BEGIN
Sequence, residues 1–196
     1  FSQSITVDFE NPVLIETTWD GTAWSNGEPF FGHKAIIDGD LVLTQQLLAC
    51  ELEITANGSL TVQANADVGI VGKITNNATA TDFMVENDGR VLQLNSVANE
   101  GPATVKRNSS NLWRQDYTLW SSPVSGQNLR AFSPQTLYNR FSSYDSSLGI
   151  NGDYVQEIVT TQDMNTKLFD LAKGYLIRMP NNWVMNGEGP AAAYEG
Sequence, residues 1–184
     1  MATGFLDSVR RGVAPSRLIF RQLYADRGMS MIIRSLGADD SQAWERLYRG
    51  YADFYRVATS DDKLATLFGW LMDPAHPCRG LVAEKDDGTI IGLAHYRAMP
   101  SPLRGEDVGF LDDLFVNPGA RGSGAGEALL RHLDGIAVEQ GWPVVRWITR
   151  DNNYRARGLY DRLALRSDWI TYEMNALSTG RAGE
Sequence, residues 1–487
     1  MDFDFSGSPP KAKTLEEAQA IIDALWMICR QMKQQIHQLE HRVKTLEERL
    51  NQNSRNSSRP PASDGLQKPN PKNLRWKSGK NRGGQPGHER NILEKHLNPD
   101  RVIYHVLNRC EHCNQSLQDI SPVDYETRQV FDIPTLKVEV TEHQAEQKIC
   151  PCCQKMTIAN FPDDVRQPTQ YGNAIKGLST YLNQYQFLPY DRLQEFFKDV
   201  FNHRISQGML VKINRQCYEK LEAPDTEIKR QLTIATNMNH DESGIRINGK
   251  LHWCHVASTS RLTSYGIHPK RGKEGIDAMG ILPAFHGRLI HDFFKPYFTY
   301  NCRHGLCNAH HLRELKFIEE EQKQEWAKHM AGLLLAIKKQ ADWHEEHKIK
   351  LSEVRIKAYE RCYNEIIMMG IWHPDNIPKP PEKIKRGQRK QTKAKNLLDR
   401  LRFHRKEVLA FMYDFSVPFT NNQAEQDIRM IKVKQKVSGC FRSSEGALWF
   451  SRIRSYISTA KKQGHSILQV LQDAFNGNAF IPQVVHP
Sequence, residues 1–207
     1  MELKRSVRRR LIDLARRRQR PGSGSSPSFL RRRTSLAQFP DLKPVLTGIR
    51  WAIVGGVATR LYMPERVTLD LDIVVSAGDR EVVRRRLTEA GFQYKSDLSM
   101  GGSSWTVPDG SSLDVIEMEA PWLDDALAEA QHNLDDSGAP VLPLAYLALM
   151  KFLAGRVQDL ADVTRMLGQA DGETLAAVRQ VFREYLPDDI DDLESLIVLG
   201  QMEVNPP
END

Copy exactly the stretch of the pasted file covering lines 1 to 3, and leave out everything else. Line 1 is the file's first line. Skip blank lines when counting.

Sequence, residues 1–196
     1  FSQSITVDFE NPVLIETTWD GTAWSNGEPF FGHKAIIDGD LVLTQQLLAC
    51  ELEITANGSL TVQANADVGI VGKITNNATA TDFMVENDGR VLQLNSVANE